Its taken about 100 years, but in 2015, women are finally being embraced in popular culture. From Beyonce to Eleanor Roosevelt, Mother Teresa to Margaret Thatcher, the 20th and 21st centuries have featured some of the most powerful women in history. However, being a powerful woman idolized on Pinterest isn’t just for the rich and already famous. Whether you’re the president of your chapter and/or are dreaming to be the President of the United States, here’s some of the 7 habits of powerful women.
Support other women: “Good for her! Not for me. That is the motto women should constantly repeat over and over again.” Again, Queen Amy. Powerful women didn’t become who they are now by stepping on the heels of women ahead of them. Women should support each other’s plans, ideas, and projects, because really, if you don’t, who is going to?
- Be aware of body language: Amy Cuddy says nonverbal cues are how you communicate with the world, and we can change our outer perception by changing our body language. Powerful women appear confident, even if they aren’t. Cuddy says to “fake it till you make it” and you’ll find that assuming powerful stances will lower cortisol (stress) hormone levels after only holding a power-pose for 2 minutes.
- Be vulnerable: in a world famous TED talk, Brene Brown presented her research on how people think. She claims that we are a society that thrives on shame. Women specifically fall prey to shame more often than not, and shame is perpetuated by fear. People are separated by how they feel, and those that feel they are worthy of love and belonging are more likely to exhibit those feelings towards others. In addition, those same people show vulnerability openly, and embrace their weaknesses as an opportunity for change. By believing that we deserve and are worthy of love and belonging, we accept our vulnerabilities, which drives out shame and fear.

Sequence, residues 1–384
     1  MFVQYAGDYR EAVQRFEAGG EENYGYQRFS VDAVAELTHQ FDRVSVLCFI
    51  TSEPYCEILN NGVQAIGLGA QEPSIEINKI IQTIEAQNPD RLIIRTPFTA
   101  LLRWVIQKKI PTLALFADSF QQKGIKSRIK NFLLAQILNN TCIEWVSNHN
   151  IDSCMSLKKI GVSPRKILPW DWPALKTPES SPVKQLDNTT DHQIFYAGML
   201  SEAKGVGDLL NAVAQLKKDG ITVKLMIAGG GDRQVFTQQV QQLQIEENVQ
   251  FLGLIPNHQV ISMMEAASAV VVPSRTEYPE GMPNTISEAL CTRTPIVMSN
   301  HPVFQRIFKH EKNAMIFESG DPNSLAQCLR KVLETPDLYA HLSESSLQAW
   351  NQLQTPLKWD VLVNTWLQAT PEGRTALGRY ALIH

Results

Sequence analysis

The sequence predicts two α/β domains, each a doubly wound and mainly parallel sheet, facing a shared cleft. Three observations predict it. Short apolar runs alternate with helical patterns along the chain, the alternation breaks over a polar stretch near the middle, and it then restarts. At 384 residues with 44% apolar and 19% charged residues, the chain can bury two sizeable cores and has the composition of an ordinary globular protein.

- Don’t shy from assertion: Amy Poehler says ” I love bossy women. I could be around them all day. To me, bossy is not a pejorative term at all. It means somebody’s passionate and engaged and ambitious and doesn’t mind leading.” Being decisive makes big things happen. Assertive women are the go-getters, the ones who are responsible for change, and to quote Tina Fey, “*itches get stuff done”.
- Be disciplined: Stay focused on areas where you can make an impact. Whether is is enhancing your philanthropy or strengthening chapter relations, make sure that you are staying true to the goals at hand. Its easy to be distracted by new trends or ideas that may not pan out in the long run, so try to take on one project at a time while making a list of future plans. Extending yourself too far can make the quality of your work suffer across the board.
- Be grateful: People who said “thank you” in the first 30 minutes of their morning to at least one person had a more positive approach to the rest of their interactions throughout the day. We focus so much on moving forward that often times we forget to thank those who support us and make every day possible.
- Screw boundaries: Oprah didn’t become the woman she is today because she let someone tell her she wasn’t good enough. J.K. Rowling lived off of welfare until her book finally sold. Sandra Day O’Connor sat on an entirely male bench. Audrey Hepburn was born to a Nazi sympathizer who walked out on her family. Powerful women don’t allow financial, political, racial, or gender barriers hold them back from becoming the influential people they are today.